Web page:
She was still talking. “Then you’ll have to move back to India, of course, when you become a doctor. There’s this neighborhood I know by a great clinic. You could live there! It’s nice and safe, a good place to raise children. You’ll love it. And--”
“Mum,” he interrupted, unable to take it. “I- I have to go. The professor’s are talking to us. Call you later?”
“Bye.” He hung up and stared at the phone in silence for a long moment. He rubbed his eyes and stared at the ground.
Another decision taken out of his hands. Another piece of his life moved across the board. He hadn’t really wanted to come to this college, if he was honest. He hadn’t really wanted his parents to stay at home, or he hadn’t wanted a cat for his birthday instead of a dog. He didn’t want to be put into classes with high schoolers when he was twelve, hadn’t wanted to move to America at all. He didn’t want to paint his room blue, or have a corn-beef sandwich with peppers and yogurt every day for lunch. Frankly, he didn’t even want to pretend to be straight.
Nehal rubbed the palms of his hands into his eyes again. He was feeling a little shaky all over and there was a buzzing growing more prominent in his ears. He took a deep breath, long and hard so the tears wouldn’t start. He pulled a cigarette from his coat pocket with trembling hands and smoked it, taking satisfaction in this being the one part of his life he could control.
Nehal sighed, leaned against the bed. He stared into the mirror on the wall across from him. A lean, slight boy looked back at him, cigarette dangling, his hair mussed and his not-very-American clothes faded. He looked sad, and rumpled, and gay.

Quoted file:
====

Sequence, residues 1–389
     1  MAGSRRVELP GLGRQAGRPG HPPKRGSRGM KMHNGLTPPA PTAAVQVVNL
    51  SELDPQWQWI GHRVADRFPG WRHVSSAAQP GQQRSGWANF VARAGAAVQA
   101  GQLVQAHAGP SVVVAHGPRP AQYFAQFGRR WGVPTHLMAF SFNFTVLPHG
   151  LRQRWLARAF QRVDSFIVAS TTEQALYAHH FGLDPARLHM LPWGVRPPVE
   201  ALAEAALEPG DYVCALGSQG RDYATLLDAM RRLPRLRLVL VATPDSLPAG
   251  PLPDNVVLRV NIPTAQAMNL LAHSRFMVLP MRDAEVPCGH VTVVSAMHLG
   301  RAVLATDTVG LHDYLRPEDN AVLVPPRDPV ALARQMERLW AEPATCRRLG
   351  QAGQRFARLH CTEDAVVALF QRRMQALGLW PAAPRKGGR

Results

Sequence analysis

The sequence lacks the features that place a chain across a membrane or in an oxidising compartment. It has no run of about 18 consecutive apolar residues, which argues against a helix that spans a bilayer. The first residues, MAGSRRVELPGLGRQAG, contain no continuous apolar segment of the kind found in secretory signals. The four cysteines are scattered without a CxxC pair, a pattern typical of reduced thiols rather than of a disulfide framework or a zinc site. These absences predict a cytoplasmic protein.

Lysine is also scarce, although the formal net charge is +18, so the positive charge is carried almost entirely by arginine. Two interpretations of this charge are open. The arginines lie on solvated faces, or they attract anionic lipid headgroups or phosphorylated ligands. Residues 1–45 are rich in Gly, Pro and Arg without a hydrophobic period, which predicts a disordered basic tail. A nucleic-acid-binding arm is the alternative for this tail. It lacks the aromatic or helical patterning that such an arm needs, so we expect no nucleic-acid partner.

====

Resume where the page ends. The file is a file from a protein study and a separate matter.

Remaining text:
Nehal turned away from the image in disgust.
“Hey.” Casey tapped his hand against the door. He looked surprised. “You smoke?”
Nehal shrugged. “Sometimes. It, uh, clears my head.”
“That stuff can kill you.”
“I know.” He was silent a moment. “That’s okay.”
Casey studied him. “Ready for lunch?”
Nehal swallowed and nodded a little. “Sure. Alright.” He stands to walk to the door, pulling on his coat and beanie. Casey’s watching him.
Nehal’s heart flips. He doesn’t know what that look means. What if Casey was somehow pressured into being his friend?
“Uh,” he starts. “Are you, um, sure I should come? I’m not very hungry.”
Casey rolls his eyes. “Relax. I wouldn’t ask if I wasn’t sure.” He’s smiling.
“Oh,” is all he says. What else is there to say?
He glances at his phone a minute before tucking it into his back pocket. His mom had sent him two text messages, demanding to know more about his professors. Jeez, Mum. It’s been about five minutes. He hesitates a moment, then silences the phone.
Maybe college wouldn’t be so bad after all.
He smiled at the thought, then jogged down the hall after Casey.